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Low Sex Drive, Moods, Weight, Insomnia: It Might Be Perimenopause & Sooner Than You Think


Menopause---it's way more than a hot flash, and it might happen sooner than you think!


The average age of menopause in the US is approximately the age of 51, but perimenopause for many starts in their 40's. For some, it may start even earlier. Decreasing levels of hormones can disturb your mood, vaginal health, urinary health, bone strength, weight, food cravings, desire for sex (libido) and much, much more.


This is part one of series on perimenopause and menopause. Read on to learn why you feel the way you do, what you can expect, and what you can do about it from an integrative medicine perspective. We will provide you natural and also prescription options for your transition and hopefully shed some light on this poorly addressed topic in medicine.


The transition from perimenopause into menopause may take several years or come much sooner.


For many, it’s smooth sailing, but for some, it can feel like a shipwreck at every turn. It is often hard to navigate, especially in the beginning. You may hear hormone replacement therapy is harmful, yet another doctor says it is safe. Your mom might tell you horror stories of "hormones." Your friend might tell you hormones are the best thing since sliced bread, even brought back her sex life and saved her marriage.


First of all....What is perimenopause?


The gradual transition between the reproductive years and menopause (the cessation of menstrual periods) is called perimenopause (literally meaning “around menopause”). It is generally a transition that is many years long and can be associated with shorter menstrual intervals, irregular menses, night sweats, and other symptoms. In some people, these symptoms are troublesome enough to need medical intervention.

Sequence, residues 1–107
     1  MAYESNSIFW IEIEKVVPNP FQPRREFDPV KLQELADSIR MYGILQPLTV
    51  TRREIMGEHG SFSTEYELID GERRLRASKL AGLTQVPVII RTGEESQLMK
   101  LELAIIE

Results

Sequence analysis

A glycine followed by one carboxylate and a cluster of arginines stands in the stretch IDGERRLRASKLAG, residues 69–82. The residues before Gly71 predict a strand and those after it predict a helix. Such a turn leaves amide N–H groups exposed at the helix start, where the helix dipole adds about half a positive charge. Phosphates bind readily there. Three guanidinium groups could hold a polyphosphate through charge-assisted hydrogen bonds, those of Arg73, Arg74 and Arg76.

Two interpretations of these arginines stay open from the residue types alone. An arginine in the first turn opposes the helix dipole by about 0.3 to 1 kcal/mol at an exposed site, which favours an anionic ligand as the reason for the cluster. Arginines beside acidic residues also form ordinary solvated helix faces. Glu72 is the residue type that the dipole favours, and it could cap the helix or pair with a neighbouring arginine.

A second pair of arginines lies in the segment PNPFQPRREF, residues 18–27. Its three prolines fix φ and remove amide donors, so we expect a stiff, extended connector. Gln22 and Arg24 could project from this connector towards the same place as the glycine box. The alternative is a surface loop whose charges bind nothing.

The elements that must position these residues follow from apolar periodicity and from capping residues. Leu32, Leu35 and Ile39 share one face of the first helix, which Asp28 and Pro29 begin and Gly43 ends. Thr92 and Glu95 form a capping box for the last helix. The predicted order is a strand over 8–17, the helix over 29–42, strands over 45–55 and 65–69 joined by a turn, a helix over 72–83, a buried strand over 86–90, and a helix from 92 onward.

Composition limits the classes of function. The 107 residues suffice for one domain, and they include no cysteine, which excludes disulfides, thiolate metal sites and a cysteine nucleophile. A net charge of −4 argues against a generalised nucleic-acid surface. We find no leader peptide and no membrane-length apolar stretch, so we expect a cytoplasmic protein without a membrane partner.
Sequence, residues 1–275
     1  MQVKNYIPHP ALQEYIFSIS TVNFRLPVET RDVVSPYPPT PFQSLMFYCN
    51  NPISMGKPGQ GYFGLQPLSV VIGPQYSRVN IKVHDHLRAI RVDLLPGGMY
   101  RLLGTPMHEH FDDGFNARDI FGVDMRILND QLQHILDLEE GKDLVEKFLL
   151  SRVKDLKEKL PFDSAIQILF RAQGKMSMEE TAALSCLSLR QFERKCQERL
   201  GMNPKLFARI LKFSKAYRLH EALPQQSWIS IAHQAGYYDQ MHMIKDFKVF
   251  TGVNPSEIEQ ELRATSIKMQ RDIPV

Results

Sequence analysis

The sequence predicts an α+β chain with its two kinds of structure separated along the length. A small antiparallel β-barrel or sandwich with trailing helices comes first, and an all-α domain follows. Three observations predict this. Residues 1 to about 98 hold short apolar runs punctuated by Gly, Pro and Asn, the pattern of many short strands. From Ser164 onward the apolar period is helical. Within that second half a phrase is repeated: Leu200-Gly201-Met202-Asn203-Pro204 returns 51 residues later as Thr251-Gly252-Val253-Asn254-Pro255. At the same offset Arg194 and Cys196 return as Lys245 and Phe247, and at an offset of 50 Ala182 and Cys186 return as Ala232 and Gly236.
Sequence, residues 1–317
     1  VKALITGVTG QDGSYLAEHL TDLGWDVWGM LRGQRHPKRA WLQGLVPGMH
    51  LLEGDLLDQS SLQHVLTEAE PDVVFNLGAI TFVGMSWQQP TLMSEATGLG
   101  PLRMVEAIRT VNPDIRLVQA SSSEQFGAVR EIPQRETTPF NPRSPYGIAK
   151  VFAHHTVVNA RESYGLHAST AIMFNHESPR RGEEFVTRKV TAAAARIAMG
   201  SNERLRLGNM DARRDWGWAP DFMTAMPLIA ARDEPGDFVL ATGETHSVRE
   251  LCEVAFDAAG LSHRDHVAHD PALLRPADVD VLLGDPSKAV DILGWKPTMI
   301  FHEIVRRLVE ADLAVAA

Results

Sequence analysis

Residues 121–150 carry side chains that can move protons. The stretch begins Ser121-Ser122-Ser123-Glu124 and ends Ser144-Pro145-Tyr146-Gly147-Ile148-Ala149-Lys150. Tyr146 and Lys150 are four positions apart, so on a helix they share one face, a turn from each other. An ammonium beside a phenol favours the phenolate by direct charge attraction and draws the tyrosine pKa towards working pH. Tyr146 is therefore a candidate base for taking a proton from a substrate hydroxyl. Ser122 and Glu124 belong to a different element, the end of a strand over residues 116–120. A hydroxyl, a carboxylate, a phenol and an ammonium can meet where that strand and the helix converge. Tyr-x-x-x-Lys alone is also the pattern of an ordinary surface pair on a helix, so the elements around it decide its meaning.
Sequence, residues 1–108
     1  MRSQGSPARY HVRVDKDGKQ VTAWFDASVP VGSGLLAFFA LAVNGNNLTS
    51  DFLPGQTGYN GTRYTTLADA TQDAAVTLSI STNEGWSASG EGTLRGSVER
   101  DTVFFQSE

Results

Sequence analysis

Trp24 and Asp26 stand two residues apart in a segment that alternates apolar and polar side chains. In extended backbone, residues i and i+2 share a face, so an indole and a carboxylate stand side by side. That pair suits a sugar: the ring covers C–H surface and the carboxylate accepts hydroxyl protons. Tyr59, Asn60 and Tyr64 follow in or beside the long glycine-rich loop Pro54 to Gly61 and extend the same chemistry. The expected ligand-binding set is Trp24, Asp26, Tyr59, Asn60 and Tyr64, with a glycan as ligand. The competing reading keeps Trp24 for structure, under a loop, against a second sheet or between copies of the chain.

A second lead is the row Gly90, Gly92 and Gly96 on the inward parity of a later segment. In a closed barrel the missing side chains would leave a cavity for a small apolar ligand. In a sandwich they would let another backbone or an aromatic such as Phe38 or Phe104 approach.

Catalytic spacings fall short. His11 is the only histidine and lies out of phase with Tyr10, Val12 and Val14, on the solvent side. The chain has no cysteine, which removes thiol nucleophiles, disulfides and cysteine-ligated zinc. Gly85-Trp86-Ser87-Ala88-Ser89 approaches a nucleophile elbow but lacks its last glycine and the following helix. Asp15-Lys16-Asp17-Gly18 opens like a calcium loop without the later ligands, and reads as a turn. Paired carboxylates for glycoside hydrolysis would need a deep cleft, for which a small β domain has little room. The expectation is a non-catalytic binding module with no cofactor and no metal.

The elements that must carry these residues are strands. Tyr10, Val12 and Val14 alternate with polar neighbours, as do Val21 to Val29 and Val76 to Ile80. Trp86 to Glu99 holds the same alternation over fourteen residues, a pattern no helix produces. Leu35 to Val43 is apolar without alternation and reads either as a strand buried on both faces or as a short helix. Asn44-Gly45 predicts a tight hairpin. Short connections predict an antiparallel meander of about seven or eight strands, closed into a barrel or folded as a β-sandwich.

Low levels of estrogen and progesterone will eventually stop your monthly menstrual cycle.


And What is menopause ?


Menopause is a natural decline in reproductive hormones typically starting when a person reaches their 40s or 50s. Menopause is signaled by 12 months since last menstruation.


Although the diagnosis can be made by the patient’s history, laboratory testing may be performed to confirm the diagnosis of menopause. Elevated follicle stimulating hormone (FSH) and low estrogen (estradiol) are consistent with menopause. Hormonal therapy, such as birth control pills, may skew & invalidate the FSH and estradiol tests, so it is preferable to check levels without any other hormones on board.



Can menopause happen before 40?


Menopause, whether natural or induced, is called "premature menopause " when it happens at age 40 or younger. This occurs in about 1% of people in the United States. Premature menopause that is not induced can be genetic, metabolic, autoimmune, or the result of other poorly understood conditions. Premature menopause should be evaluated thoroughly.



Surgical Menopause (caused by a medical treatment such as a hysterectomy)

Induced menopause is menopause caused by a medical treatment such as full hysterectomy (removal of both ovaries), and in some cases, even with partial hysterectomy (preservation of one or both ovaries). Certain drug and radiation therapies can damage the ovaries and cause menopause. The most common cause of surgical menopause is the surgical removal of both ovaries.